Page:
- Big fish, small pond – I remember the first time I rolled at another club. I had been training in BJJ for a little while, and while I was a white belt I wasn’t a complete noob. I had no doubt that I’ll be just fine. After all, I usually did ok against the other people in my school. No surprise, I got cleaned up. The way these guys moved was totally different to what I was used to. They had a different way of putting pressure, and the work rate and pace were much harder (for better and worse). I loved it! Since then, I’ve been using cross training with other schools as testing grounds. I’ll go somewhere and see how I go. If there one thing that gives me grief, I’ll take it back and try and find a solution, then go again. I’ve since done the same with striking as well. These have been some of the steepest learning curves I’ve experienced.The problem is that cross training with other schools is often frowned upon. But to me, that in itself is an indication of whether I want to train somewhere.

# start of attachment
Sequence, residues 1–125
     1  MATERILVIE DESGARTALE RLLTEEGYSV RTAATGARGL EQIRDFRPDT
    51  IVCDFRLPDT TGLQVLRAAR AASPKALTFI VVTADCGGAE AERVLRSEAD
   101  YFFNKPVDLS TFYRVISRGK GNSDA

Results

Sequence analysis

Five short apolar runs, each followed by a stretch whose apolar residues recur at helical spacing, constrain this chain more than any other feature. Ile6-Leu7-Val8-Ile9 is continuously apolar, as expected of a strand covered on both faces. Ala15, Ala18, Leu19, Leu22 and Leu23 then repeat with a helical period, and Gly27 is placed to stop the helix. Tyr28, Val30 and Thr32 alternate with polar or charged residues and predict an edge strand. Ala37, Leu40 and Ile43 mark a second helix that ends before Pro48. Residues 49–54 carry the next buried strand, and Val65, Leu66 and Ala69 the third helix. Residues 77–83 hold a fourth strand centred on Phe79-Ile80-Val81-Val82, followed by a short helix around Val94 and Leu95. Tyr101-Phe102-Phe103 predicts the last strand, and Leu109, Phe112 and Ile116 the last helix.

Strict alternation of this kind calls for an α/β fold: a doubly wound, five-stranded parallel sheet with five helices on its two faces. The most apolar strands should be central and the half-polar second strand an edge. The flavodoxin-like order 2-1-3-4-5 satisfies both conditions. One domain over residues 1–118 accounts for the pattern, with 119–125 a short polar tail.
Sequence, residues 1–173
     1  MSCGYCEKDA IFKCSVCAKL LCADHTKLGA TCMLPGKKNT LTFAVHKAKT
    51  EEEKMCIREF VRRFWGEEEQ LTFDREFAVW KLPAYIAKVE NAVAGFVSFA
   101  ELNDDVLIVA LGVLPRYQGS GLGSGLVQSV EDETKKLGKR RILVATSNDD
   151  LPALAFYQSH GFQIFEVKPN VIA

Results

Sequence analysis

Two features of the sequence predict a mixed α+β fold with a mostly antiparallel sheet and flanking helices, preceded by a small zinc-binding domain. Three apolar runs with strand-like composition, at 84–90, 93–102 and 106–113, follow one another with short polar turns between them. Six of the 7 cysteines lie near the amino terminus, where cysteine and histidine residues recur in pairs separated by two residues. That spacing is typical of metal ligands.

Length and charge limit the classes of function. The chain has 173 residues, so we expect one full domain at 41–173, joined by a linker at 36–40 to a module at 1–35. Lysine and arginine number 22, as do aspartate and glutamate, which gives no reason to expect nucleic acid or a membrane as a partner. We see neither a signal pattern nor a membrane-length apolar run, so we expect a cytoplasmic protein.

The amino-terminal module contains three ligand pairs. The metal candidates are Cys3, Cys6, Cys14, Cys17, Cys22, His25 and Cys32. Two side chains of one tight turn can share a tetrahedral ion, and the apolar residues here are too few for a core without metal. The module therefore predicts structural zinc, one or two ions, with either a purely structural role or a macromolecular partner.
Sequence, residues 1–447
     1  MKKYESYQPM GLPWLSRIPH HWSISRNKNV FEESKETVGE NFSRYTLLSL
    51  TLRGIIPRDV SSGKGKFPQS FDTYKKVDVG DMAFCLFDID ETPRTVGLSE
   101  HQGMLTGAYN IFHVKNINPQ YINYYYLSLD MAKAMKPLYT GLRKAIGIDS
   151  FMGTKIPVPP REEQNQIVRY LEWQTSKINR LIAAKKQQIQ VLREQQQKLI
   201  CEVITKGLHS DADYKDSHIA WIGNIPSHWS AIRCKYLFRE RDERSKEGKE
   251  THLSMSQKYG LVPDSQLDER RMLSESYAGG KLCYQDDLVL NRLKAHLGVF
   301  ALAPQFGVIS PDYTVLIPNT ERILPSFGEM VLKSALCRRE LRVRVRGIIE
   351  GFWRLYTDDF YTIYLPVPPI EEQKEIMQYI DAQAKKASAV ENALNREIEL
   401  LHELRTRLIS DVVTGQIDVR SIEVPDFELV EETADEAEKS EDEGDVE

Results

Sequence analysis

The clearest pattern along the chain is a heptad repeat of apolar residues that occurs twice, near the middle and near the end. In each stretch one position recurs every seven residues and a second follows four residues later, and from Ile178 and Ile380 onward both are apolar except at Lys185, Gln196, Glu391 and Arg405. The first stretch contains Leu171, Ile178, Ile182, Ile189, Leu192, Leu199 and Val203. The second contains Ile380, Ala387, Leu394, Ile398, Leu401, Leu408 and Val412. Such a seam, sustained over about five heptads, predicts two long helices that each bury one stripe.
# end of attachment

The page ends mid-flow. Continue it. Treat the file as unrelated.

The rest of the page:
- Spinning the plates – we only have so many hours a day we can train. Sometimes the hardest problem is to find the balance of how much time to spend on each skill set. This is a tough one to answer, especially when looking at the fact that while your overall goals may indicate one pathway, you may really love doing something else – like my self-defence and BJJ example.The question that I ask myself with this is what do I want to be an expert in? I LOVE striking, and boxing specifically. My focus is on self-defence and I try and work my boxing around that. I also really love grappling and weapons training, but it’s not as much of a passion. I try and allocate my time accordingly. While I do striking every day, I grapple or do weapons once or twice per week.My focus has also shifted to how I can use these to my advantage. Very often I see people who have just started training, especially in combat sports, get into the grind of trying to be an amazing striker AND grappler AND wrestler. They often burn out or get injured.